Moving beyond a craft

Tyler Cowen recently interviewed Atul Gawande on his podcast, Conversations with Tyler. It’s a great episode and worth listening to the whole thing, but one section in particular stood out to me. From the transcript:

COWEN: What’s the number one thing missing in medical education today, for doctors?

GAWANDE: I think the number one thing is an education around the fact that we are no longer a craft. It’s no longer an individual craft of being the smartest, most experienced, and capable individual. It’s a profession that has exceeded the capabilities of any individual to manage the volume of knowledge and skill required. So we are now delivering as groups of people. And knowing how to be an effective group, how to solve problems when your group is not being effective, and to enable that capability—that, I think, is not being taught, it’s not being researched. It is the biggest opportunity to advance human health, and we’re not delivering on it.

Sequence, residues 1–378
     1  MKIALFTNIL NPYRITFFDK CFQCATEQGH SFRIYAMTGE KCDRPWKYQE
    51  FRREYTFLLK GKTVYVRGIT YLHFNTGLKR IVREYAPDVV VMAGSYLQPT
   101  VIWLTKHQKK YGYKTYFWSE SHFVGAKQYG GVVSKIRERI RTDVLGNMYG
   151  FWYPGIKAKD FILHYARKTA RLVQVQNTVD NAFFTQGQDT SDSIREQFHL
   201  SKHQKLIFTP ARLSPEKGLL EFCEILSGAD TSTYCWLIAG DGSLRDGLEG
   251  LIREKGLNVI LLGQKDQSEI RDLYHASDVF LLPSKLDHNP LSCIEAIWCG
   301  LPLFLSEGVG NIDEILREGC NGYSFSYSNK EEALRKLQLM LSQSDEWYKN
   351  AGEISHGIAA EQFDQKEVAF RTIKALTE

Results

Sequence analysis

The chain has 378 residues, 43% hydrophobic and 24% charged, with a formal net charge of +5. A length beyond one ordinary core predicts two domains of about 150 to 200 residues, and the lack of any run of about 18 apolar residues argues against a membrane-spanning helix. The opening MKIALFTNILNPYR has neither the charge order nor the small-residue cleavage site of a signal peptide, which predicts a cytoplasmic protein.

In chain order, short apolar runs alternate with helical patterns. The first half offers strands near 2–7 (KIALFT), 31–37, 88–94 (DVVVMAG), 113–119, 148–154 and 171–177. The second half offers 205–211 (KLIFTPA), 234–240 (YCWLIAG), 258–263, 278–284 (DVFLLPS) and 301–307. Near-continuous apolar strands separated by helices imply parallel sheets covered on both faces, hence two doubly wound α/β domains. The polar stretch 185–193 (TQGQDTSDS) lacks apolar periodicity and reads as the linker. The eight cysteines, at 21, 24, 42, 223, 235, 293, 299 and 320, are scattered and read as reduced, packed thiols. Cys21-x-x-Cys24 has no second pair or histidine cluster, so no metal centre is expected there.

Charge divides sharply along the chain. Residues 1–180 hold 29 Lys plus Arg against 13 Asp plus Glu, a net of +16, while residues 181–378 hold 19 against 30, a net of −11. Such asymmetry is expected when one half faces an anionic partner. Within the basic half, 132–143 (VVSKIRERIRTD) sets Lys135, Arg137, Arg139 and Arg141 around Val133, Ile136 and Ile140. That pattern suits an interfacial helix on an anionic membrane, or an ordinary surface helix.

Having worked in the education sector for a decade, it’s hard to listen to that and not consider replacing “medical education” with “educator preparation” and “human health” with “student outcomes.”

Teaching is certainly a craft that requires significant training, practice, and experience to master, but it also requires a high degree of collaboration with other teachers, administrators, support staff, parents, and students. Similar to medicine, it’s an under-taught, under-researched aspect of the profession.